Back when the Soviet Union was the Evil Empire, there were lots of movies about the evil Russians out to destroy America. This type of simplistic good-vs.evil thriller is back with Salt, a very mediocre action movie.

Evelyn Salt (Angelina Jolie) is an undercover agent with the C.I.A. She has a loving husband, Mike Krause (August Diehl), a scientist who studies insects. She gets along with her supervisor Ted Winter (Liev Schreiber). And, apart from her being caught in North Korea and swapped for someone else two years before the movie's main action, that's all we know about her.

Some new information is offered by Orlov (Daniel Olbrychski), a Russian defector who turns himself in to the C.I.A. He says there's a Russian sleeper agent who will kill the Russian leader, in New York for a state funeral, the following day. And he says the name of this agent is Evelyn Salt. Salt, fearing that if her cover has been compromised then her husband is in danger, runs. Agent Peabody (Chiwetel Ejiofor) suspects Orlov was telling the truth, but Winter maintains her innocence. And the chase is on!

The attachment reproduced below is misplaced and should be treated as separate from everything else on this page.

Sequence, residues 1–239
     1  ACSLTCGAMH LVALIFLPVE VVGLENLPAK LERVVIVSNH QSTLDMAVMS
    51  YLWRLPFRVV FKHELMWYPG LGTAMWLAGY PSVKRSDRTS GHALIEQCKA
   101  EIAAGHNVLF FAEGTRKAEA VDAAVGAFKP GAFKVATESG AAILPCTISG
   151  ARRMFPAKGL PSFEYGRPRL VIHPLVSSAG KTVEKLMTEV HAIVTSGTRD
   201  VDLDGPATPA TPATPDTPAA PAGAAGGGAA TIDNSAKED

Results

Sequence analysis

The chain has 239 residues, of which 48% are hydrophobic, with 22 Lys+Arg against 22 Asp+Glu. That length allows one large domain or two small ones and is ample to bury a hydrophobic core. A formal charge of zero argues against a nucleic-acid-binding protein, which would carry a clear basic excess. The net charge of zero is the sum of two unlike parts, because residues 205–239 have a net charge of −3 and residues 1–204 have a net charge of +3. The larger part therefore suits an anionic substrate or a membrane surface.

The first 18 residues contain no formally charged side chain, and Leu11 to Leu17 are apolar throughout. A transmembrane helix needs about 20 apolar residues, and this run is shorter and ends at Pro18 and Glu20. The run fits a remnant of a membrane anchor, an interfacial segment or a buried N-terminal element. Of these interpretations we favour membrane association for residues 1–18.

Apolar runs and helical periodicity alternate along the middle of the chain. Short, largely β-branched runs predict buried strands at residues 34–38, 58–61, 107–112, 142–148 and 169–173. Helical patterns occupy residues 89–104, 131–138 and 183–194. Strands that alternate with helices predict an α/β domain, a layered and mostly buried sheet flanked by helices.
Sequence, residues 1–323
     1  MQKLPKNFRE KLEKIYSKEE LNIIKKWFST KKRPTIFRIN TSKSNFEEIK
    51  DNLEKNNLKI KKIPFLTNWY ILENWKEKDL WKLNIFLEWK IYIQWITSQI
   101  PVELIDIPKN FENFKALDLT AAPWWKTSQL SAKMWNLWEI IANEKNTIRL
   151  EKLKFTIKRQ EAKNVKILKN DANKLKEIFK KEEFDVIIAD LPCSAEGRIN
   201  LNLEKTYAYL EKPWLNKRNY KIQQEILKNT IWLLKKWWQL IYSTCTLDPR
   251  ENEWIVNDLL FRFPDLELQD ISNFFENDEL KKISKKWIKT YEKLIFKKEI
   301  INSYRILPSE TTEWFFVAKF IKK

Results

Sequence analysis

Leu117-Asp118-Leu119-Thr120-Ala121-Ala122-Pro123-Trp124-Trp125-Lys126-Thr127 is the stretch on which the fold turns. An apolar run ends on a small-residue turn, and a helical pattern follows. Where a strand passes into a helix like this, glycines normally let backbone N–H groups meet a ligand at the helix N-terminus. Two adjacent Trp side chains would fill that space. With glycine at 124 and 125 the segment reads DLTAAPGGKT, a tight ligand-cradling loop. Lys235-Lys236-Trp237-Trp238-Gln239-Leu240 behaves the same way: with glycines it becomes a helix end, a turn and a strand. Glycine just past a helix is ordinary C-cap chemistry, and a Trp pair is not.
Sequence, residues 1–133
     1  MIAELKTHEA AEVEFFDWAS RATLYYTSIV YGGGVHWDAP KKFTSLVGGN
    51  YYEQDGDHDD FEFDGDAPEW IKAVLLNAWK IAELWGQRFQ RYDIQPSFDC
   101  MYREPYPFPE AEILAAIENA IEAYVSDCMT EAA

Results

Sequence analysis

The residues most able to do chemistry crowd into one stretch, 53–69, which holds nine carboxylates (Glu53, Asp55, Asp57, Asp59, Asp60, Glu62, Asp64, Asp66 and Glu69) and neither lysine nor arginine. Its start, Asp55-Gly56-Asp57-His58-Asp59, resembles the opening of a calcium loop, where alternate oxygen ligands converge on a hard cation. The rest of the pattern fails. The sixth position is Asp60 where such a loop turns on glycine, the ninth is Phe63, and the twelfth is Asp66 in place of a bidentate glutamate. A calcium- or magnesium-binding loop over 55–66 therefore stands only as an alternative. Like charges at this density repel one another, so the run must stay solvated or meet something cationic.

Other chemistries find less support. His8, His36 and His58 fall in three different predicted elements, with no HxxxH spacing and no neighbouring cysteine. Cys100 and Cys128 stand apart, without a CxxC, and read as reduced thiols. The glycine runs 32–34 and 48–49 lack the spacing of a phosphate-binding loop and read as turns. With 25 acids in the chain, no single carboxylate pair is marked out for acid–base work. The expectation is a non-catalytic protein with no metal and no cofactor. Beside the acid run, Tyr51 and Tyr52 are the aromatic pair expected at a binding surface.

Salt feels like two movies strung together. In the first half of the movie Salt spends most of the time fleeing: on foot, on a motorcycle, even hopping along the tops of trucks speeding along the highway. About halfway through the movie, about the same time she dyes her hair, Salt goes on the offensive, able to defeat just about everyone in her path with guns, karate, and numerous flying kicks. Comparisons to Jason Bourne and James Bond are quite appropriate.

Those comparisons don't work for the quality of Salt. None of these characters have any depth or real personality (a pity, as Jolie and Schrieber are very good actors), and the action isn't all that exciting. Worse, Salt employs several cliches like slow-motion and flashbacks -- and uses them often. And the movie's ending feels like someone didn't know how to wrap this up and simply stopped writing. While Salt isn't terrible, it isn't terribly entertaining either.

Overall grade: C-
Reviewed by James Lynch

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